5 Outdated Sales Tactics that No Longer Work

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Thursday, March 18, 2021

When was the last time you refreshed your sales techniques? If you're still using these five outdated tactics, you're likely to be missing out on opportunities.

Article 3 Minutes

What does it take to be an effective salesperson? Today, it's not about the hard sell. In fact, with what we now know about the factors that go into a customer's decision making, it's clear that a personalized, collaborative approach will produce the best results.

But despite this, the way we train sales professionals hasn't really changed in decades.

This means many people may still be relying on outdated thinking that no longer applies to today's more data-driven world. And the result of this is that every time you talk to a prospect, you're more likely to be putting them off than getting them on board.

So what can sales pros do to prevent this? The first step is to identify which techniques are no longer relevant and understand what you should be doing instead. Here are five key things to look for.

1. Leading with your product

It might seem counterintuitive, but pitching your product or service is unlikely to get results. In today's environment, where the answers to every question are just a couple of clicks away, potential buyers already know what your product is and what it does.

People increasingly don't buy into what you do, they buy into why you do it. Show them what drives the business and you'll stand a much better chance of success than if you're focused just on the product, which often makes for a very dry sales pitch.

2. Overselling the features

Focusing too much on specific features or functionality also isn't helpful. Customers don't know about every little thing the product or service offers. They just want to know what it does to solve their specific problem.

For instance, if they ask a question about something your product can't do, don't pivot the conversation back to what you want to talk about. There's nothing people hate more than feeling their issues are being ignored, so make sure you're listening and responding appropriately rather than plowing on with a rehearsed script.

3. Persuasion

Being able to persuade someone to close on a deal they're not certain about is the mark of a great salesperson, right? Wrong. Persuasion techniques remain very common in sales training, but often they can do more harm than good in the long term.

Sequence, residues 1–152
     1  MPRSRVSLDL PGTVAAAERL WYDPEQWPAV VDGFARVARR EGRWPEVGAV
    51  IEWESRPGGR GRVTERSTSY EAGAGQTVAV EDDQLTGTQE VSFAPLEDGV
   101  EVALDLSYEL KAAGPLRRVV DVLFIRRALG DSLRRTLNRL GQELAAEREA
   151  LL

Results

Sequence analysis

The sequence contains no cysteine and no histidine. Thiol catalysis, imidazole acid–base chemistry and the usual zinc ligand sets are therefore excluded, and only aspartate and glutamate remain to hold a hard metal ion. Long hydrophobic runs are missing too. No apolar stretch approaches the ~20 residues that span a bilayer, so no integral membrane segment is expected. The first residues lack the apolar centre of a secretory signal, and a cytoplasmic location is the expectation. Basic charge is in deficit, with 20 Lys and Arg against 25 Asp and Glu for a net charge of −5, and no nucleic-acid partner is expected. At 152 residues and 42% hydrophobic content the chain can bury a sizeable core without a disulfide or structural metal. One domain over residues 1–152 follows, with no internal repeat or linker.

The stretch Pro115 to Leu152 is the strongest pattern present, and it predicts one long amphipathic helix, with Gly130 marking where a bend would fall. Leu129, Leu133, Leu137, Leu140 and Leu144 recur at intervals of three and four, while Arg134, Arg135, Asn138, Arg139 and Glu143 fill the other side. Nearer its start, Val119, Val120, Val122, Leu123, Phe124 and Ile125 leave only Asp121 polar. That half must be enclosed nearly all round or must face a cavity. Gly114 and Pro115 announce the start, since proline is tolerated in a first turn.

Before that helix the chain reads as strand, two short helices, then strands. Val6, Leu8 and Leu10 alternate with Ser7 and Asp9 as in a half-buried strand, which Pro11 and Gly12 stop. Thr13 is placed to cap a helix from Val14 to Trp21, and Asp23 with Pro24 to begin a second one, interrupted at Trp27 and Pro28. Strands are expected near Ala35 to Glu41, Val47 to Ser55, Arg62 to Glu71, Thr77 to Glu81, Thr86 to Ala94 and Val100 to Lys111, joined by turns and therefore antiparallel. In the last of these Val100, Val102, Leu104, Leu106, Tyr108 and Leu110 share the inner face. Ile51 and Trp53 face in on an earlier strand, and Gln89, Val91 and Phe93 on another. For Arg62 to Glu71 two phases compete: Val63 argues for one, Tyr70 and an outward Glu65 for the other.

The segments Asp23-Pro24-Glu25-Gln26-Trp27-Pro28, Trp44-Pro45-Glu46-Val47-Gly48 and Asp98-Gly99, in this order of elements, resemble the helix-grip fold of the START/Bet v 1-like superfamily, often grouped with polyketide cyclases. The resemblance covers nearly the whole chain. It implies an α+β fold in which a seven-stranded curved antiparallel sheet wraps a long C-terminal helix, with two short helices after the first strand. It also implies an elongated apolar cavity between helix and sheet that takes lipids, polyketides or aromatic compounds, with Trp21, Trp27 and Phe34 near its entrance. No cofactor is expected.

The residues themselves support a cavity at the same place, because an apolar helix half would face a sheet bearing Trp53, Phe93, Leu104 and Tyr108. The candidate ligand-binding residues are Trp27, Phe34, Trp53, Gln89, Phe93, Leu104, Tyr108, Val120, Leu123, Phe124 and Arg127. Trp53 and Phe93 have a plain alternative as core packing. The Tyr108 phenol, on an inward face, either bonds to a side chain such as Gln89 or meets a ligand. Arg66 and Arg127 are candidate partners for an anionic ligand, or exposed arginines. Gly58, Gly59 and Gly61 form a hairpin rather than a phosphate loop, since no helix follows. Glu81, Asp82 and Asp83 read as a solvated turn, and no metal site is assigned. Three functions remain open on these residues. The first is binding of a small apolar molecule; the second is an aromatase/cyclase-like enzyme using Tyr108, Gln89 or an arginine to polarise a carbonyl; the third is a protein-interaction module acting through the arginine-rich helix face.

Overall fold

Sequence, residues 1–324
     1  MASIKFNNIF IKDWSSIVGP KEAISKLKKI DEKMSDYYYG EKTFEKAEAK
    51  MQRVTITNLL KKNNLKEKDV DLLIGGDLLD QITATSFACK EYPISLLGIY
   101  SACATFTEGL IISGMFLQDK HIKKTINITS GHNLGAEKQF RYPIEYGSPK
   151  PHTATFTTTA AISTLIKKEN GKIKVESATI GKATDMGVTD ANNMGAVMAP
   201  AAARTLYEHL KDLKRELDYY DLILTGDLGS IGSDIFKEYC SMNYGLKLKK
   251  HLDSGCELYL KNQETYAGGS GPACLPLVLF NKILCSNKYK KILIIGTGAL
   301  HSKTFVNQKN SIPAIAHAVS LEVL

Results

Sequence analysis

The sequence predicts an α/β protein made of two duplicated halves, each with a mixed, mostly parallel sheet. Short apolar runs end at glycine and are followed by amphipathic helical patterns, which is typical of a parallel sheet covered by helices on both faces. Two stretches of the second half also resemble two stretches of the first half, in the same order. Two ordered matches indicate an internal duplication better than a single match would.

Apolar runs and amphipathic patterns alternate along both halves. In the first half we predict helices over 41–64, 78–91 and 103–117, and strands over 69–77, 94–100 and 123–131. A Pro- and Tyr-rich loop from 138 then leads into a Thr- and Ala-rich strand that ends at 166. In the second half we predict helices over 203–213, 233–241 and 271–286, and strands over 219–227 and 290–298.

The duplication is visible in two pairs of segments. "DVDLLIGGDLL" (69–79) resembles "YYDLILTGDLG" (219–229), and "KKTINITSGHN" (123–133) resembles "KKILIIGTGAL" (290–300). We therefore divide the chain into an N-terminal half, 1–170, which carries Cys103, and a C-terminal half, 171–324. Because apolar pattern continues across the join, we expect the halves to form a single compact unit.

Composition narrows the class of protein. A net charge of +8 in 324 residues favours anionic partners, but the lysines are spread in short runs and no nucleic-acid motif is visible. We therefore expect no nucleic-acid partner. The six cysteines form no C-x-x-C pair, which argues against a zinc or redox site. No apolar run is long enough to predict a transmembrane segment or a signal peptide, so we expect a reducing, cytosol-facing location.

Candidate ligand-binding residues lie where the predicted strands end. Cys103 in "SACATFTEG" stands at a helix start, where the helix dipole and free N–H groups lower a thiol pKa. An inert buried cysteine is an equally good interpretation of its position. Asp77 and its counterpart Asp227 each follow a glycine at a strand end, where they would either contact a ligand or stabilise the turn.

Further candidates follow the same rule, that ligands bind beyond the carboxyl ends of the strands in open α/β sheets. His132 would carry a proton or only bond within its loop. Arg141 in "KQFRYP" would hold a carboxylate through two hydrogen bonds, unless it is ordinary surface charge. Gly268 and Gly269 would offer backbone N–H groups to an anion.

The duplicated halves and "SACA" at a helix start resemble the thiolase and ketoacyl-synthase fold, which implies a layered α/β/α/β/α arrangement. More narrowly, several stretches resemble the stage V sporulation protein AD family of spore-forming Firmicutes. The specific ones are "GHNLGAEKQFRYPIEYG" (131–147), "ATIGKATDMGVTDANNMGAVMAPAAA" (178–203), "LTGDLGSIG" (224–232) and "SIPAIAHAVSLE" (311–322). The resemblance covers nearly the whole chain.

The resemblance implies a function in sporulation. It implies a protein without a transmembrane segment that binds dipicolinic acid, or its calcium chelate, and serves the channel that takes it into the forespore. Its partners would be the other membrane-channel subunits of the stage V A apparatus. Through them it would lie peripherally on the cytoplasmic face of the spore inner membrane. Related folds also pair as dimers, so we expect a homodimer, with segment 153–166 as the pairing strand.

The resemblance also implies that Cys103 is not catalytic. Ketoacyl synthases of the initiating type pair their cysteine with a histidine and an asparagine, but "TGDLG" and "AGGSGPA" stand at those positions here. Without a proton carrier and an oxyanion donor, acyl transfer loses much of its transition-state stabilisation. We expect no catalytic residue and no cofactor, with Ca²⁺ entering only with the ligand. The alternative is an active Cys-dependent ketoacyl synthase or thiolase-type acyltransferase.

In today's environment, people shouldn't need persuading. By the time they talk to a salesperson, they’ll already often be more than halfway down the buying journey. If someone is skeptical about whether they even need your product, they're probably right. After all, they know their own needs better than you do.

4. Selling to everyone

If you have to work hard to persuade someone, it's a failure of the firm's lead generation, not your ability as a sales pro. It used to be said that the mark of a great salesperson is the ability to sell anything to anyone - but that's no longer the case, if indeed it ever was.

You should be focusing your efforts on people that need your services. That's why qualifying and disqualifying potential leads is essential. You need to be sure your customer is a good fit for your product to make a successful sale, so make sure you ask the right questions to determine how you can help solve their problems.

5. Faking it

While it's still important to be enthusiastic and passionate about your product or service, this has to be genuine. Buyers will easily be able to pick up the signs that you're insincere - for instance, suddenly talking more loudly and cheerily - and it immediately makes them less likely to buy into what you're saying.

Instead, it's vital you take a more conversational tone. Talk to prospects as you would a coworker, and drop the tired sales patter and smooth talking. Your customers have seen it all before, and all it will signal to them is that you're trying to hide something.

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